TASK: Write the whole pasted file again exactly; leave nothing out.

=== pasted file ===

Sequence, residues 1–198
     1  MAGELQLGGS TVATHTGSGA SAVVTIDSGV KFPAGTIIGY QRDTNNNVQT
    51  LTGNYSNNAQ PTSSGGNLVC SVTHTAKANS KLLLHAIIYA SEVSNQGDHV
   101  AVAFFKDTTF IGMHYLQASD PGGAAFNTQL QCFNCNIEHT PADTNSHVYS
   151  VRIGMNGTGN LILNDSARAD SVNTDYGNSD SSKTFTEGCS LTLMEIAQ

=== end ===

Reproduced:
Sequence, residues 1–198
     1  MAGELQLGGS TVATHTGSGA SAVVTIDSGV KFPAGTIIGY QRDTNNNVQT
    51  LTGNYSNNAQ PTSSGGNLVC SVTHTAKANS KLLLHAIIYA SEVSNQGDHV
   101  AVAFFKDTTF IGMHYLQASD PGGAAFNTQL QCFNCNIEHT PADTNSHVYS
   151  VRIGMNGTGN LILNDSARAD SVNTDYGNSD SSKTFTEGCS LTLMEIAQ